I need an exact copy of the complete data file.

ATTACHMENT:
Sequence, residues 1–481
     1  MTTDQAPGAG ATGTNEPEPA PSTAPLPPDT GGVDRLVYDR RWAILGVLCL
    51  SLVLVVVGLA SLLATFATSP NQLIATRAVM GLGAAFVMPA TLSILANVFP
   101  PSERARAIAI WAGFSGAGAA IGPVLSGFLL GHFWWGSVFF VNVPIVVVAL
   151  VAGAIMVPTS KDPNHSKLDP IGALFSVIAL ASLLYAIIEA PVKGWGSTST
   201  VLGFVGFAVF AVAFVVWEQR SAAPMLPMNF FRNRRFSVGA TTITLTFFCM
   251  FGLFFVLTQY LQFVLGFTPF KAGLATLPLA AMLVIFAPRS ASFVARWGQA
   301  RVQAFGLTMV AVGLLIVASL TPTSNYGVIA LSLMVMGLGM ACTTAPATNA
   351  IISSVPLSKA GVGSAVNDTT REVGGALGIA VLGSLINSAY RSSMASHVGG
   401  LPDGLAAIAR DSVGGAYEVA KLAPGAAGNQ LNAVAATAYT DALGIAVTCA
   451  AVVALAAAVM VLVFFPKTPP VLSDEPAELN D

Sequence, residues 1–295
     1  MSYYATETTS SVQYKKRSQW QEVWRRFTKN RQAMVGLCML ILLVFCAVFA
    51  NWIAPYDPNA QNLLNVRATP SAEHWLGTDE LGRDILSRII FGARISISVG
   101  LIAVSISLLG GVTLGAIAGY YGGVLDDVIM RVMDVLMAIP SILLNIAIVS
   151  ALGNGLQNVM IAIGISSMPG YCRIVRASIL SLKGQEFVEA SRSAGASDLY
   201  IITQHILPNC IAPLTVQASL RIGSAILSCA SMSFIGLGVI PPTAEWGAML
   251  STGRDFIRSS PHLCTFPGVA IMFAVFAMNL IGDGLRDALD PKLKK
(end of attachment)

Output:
Sequence, residues 1–481
     1  MTTDQAPGAG ATGTNEPEPA PSTAPLPPDT GGVDRLVYDR RWAILGVLCL
    51  SLVLVVVGLA SLLATFATSP NQLIATRAVM GLGAAFVMPA TLSILANVFP
   101  PSERARAIAI WAGFSGAGAA IGPVLSGFLL GHFWWGSVFF VNVPIVVVAL
   151  VAGAIMVPTS KDPNHSKLDP IGALFSVIAL ASLLYAIIEA PVKGWGSTST
   201  VLGFVGFAVF AVAFVVWEQR SAAPMLPMNF FRNRRFSVGA TTITLTFFCM
   251  FGLFFVLTQY LQFVLGFTPF KAGLATLPLA AMLVIFAPRS ASFVARWGQA
   301  RVQAFGLTMV AVGLLIVASL TPTSNYGVIA LSLMVMGLGM ACTTAPATNA
   351  IISSVPLSKA GVGSAVNDTT REVGGALGIA VLGSLINSAY RSSMASHVGG
   401  LPDGLAAIAR DSVGGAYEVA KLAPGAAGNQ LNAVAATAYT DALGIAVTCA
   451  AVVALAAAVM VLVFFPKTPP VLSDEPAELN D

Sequence, residues 1–295
     1  MSYYATETTS SVQYKKRSQW QEVWRRFTKN RQAMVGLCML ILLVFCAVFA
    51  NWIAPYDPNA QNLLNVRATP SAEHWLGTDE LGRDILSRII FGARISISVG
   101  LIAVSISLLG GVTLGAIAGY YGGVLDDVIM RVMDVLMAIP SILLNIAIVS
   151  ALGNGLQNVM IAIGISSMPG YCRIVRASIL SLKGQEFVEA SRSAGASDLY
   201  IITQHILPNC IAPLTVQASL RIGSAILSCA SMSFIGLGVI PPTAEWGAML
   251  STGRDFIRSS PHLCTFPGVA IMFAVFAMNL IGDGLRDALD PKLKK